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Penn researchers home in on what's wearing out T cells

T cell exhaustion study has possible implications for cancer and antiviral therapies

University of Pennsylvania School of Medicine

PHILADELPHIA -- Sometimes even cells get tired. When the T cells of your immune system are forced to deal over time with cancer or a chronic infection such as HIV or hepatitis C, they can develop 'T cell exhaustion,' becoming less effective and losing their ability to attack and destroy the invaders of the body. While the PD-1 protein pathway has long been implicated as a primary player in T cell exhaustion, a major question has been whether PD-1 actually directly causes exhaustion. A new paper from the lab of E. John Wherry, Ph.D., a professor of microbiology and director of the Institute for Immunology, in the Perelman School of Medicine at the University of Pennsylvania, seems to -- at least partially -- let PD-1 off the hook. The paper was published this week in the Journal of Experimental Medicine.

In short-term infections such as a cold or flu, PD-1 helps to regulate an initial strong T cell response, preventing the T cells from over proliferating and attacking the body's own cells after the infection is cleared. But in patients with cancer or chronic infections, blocking PD-1 has proved a highly successful therapeutic strategy that allows the T cells to fight on. 'Blocking this pathway reverses T cell exhaustion and improves tumor immunity in humans and antiviral and anti-tumor responses in animal models,' Wherry notes. 'But a key question has been whether this PD-1 pathway causes exhaustion. Our work shows that it does not.'

Wherry and his collaborators used PD-1 knockout mice infected with lymphocytic choriomeningitis virus to see whether the genetic deletion of PD-1 would be enough to prevent T cell exhaustion. They observed a robust initial T cell response, but with a cost. 'While transient disruption of this pathway may have therapeutic benefit because it temporarily 'revs up' the immune response, permanent loss of PD-1 signals seems to result in a 'flame out' where T cells can't sustain higher level activation and become more dysfunctional,' Wherry says.

After a month or so, he explains, 'the advantages in proliferation and other signaling pathways that cells had without PD-1 go away.' Without the regulatory influence of PD-1, the over activated and over stimulated T cells result in disruption of a crucial balance between different T cell types that leads to an overall greatly reduced immune response.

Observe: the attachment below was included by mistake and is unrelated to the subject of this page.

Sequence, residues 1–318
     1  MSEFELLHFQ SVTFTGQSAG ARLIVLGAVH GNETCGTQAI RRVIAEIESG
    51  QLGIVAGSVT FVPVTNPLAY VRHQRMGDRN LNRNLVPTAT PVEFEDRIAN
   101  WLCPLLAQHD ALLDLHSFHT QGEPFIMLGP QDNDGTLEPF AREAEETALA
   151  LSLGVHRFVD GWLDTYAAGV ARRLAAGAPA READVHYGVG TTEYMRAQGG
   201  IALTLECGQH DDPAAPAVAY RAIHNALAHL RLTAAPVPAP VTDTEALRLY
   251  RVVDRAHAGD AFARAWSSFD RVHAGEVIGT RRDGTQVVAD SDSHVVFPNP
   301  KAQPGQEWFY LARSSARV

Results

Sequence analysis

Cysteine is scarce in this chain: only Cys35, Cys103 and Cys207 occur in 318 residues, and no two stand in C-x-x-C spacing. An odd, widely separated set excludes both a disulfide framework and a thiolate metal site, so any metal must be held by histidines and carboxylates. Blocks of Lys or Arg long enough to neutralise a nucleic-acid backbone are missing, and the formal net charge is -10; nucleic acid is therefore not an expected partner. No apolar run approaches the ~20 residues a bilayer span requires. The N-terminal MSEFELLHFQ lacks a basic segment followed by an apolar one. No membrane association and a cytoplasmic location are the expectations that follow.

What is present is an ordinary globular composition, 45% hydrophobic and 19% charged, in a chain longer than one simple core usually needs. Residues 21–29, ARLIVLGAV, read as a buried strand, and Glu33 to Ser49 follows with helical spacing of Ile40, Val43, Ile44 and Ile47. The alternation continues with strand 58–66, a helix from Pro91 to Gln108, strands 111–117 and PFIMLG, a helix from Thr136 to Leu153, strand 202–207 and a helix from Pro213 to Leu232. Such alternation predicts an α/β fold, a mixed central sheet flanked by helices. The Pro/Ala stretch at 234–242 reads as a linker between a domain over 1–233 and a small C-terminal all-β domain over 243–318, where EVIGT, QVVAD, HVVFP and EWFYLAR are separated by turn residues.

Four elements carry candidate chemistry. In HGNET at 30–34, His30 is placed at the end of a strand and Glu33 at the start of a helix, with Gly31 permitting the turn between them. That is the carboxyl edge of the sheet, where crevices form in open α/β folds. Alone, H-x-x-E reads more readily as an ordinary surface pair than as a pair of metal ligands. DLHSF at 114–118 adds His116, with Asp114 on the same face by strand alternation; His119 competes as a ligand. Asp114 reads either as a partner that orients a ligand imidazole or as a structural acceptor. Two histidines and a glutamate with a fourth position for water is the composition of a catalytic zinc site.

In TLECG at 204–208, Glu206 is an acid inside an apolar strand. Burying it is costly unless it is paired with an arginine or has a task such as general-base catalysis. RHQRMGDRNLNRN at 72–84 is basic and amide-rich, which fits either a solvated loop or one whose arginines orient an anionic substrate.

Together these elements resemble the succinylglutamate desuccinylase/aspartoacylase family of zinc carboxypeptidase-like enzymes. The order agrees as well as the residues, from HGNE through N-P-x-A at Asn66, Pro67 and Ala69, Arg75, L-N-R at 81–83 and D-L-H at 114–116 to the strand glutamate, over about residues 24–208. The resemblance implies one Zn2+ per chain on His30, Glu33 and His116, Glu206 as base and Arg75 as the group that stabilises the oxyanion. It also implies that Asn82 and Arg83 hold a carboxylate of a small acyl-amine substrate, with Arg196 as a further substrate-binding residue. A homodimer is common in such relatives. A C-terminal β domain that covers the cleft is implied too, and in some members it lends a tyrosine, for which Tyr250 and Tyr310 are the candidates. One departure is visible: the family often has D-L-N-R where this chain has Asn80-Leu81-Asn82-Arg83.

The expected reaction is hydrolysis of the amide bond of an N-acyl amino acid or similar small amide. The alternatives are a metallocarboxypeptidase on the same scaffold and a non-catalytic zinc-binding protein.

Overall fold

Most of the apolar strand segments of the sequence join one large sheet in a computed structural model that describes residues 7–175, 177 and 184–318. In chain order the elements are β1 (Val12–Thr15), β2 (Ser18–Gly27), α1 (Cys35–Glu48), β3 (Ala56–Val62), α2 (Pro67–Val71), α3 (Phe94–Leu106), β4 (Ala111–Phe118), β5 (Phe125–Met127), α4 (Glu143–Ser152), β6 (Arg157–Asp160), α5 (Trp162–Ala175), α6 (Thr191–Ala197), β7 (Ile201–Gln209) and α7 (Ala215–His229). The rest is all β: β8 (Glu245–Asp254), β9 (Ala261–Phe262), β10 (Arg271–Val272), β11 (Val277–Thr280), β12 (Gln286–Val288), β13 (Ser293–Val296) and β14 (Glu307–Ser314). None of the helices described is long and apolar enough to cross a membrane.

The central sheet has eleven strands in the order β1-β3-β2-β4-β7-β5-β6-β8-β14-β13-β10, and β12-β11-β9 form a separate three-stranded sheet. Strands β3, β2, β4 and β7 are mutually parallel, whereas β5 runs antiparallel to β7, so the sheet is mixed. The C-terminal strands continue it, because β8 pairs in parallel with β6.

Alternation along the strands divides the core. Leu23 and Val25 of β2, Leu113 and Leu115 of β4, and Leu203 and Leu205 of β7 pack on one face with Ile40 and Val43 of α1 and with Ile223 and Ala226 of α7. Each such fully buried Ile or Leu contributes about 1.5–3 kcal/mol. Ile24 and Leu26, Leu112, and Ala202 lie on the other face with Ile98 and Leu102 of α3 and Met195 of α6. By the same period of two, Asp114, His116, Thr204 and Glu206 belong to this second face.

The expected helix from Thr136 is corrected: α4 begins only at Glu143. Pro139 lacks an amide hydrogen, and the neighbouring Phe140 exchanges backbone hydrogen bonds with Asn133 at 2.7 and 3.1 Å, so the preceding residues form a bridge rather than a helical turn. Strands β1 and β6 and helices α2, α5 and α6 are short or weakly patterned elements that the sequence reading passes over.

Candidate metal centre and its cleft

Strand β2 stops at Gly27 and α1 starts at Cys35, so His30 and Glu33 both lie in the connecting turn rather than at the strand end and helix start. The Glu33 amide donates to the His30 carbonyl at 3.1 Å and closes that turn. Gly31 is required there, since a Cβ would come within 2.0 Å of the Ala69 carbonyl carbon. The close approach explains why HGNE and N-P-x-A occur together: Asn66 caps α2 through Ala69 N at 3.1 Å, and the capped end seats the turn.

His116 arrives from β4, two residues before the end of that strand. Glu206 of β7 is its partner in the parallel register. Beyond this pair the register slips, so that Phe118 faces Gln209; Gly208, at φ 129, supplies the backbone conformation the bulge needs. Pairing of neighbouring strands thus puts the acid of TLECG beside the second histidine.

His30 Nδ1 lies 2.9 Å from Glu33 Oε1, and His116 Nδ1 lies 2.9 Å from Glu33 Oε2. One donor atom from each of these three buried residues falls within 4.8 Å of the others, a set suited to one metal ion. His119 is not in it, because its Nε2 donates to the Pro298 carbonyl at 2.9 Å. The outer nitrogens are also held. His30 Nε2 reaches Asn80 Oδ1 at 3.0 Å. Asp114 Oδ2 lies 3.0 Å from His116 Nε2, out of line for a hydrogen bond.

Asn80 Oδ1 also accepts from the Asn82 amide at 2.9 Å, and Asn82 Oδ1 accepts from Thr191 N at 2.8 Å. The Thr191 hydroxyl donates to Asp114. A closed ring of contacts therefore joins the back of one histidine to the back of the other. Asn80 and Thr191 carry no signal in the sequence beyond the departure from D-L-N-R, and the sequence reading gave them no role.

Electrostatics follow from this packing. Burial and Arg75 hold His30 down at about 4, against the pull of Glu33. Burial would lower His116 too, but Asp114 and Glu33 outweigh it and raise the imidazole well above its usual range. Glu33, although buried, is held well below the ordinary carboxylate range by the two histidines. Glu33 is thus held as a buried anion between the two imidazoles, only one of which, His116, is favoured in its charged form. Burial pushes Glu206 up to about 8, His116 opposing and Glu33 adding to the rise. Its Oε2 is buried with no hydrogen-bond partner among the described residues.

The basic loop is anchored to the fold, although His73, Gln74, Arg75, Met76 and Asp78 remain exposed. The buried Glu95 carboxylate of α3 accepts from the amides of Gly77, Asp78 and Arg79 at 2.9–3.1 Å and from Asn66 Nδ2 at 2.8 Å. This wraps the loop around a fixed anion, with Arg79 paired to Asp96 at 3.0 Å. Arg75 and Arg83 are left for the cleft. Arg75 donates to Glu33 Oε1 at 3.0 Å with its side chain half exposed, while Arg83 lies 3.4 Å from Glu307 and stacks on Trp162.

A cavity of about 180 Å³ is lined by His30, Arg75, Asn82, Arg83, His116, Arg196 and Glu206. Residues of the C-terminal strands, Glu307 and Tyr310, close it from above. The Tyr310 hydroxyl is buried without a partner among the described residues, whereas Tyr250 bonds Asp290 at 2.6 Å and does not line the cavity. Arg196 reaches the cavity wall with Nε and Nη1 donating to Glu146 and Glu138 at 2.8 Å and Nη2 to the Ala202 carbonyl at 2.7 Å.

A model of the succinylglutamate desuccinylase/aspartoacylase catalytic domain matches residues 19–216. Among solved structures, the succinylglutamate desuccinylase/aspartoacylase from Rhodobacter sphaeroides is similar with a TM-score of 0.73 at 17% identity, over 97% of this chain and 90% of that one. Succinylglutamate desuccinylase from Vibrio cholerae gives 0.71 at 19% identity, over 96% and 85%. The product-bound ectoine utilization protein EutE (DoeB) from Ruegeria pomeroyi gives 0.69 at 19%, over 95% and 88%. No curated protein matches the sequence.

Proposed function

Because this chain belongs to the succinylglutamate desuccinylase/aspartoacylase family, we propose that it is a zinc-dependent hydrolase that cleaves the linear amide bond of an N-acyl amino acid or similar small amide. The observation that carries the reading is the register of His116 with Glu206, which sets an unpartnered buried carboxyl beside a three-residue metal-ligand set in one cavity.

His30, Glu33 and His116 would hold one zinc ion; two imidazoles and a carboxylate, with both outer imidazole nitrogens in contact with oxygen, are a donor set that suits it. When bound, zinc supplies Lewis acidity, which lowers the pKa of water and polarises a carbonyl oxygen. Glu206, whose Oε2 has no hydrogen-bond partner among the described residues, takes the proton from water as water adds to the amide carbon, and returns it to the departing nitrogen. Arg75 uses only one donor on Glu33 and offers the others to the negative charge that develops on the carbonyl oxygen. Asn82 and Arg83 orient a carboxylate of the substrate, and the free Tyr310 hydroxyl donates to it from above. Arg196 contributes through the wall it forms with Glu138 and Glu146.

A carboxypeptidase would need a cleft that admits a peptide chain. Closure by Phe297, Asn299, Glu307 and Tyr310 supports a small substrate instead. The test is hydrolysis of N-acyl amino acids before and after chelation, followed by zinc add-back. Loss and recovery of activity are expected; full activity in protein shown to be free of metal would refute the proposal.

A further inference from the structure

The work demonstrates that even with the clinical successes of blocking PD-1, there may be a better, more refined therapeutic strategy to target the PD-1 pathway. 'We know that transient blockade has tremendous benefit,' Wherry says. 'But we also knew that there are subtypes of exhausted T cells that can or cannot be 'revitalized' by transient PD-1 blockade. Our new work shows that PD-1 signals help regulate this balance.' In effect, PD-1 may actually help to preserve a 'reserve force' of T cells that can fight on later in the long-term cellular war between the immune system and foreign invaders or tumors.

Aside from helping to better design PD-1 blockade treatments, Wherry's findings have also helped to identify potential biomarkers in the PD-1 signaling pathway. This additional information will help in the next steps of the research, which involve more detailed study of the PD-1 at different points in its pathway and with different viral or tumor loads. 'We still don't know the molecular signals downstream of PD-1 in vivo or how PD-1 signals intersect with other immunotherapies,' Wherry says. 'We are actively addressing these questions.'


Co-authors are Pamela M. Odorizzi, Kristen E. Pauken, and Michael A. Paley, all from Penn and Arlene Sharpe, Harvard Medical School. This work was funded by a T32 HIV Pathogenesis training grant, a Robertson Foundation/Cancer Research Institute Irvington Fellowship and the National Institutes of Health (AI105343, AI112521, AI117718, AI082630, AI095608, HHSN266200500030C). Wherry has a patent licensing agreement on the PD-1 pathway, and the authors declare no additional competing financial interests.

Penn Medicine is one of the world's leading academic medical centers, dedicated to the related missions of medical education, biomedical research, and excellence in patient care. Penn Medicine consists of the Raymond and Ruth Perelman School of Medicine at the University of Pennsylvania (founded in 1765 as the nation's first medical school) and the University of Pennsylvania Health System, which together form a $4.9 billion enterprise.

The Perelman School of Medicine has been ranked among the top five medical schools in the United States for the past 17 years, according to U.S. News & World Report's survey of research-oriented medical schools. The School is consistently among the nation's top recipients of funding from the National Institutes of Health, with $409 million awarded in the 2014 fiscal year.

The University of Pennsylvania Health System's patient care facilities include: the Hospital of the University of Pennsylvania -- recognized as one of the nation's top 'Honor Roll' hospitals by U.S. News & World Report; Penn Presbyterian Medical Center; Chester County Hospital; Penn Wissahickon Hospice; and Pennsylvania Hospital -- the nation's first hospital, founded in 1751. Additional affiliated inpatient care facilities and services throughout the Philadelphia region include Chestnut Hill Hospital and Good Shepherd Penn Partners, a partnership between Good Shepherd Rehabilitation Network and Penn Medicine.

Penn Medicine is committed to improving lives and health through a variety of community-based programs and activities. In fiscal year 2014, Penn Medicine provided $771 million to benefit our community.

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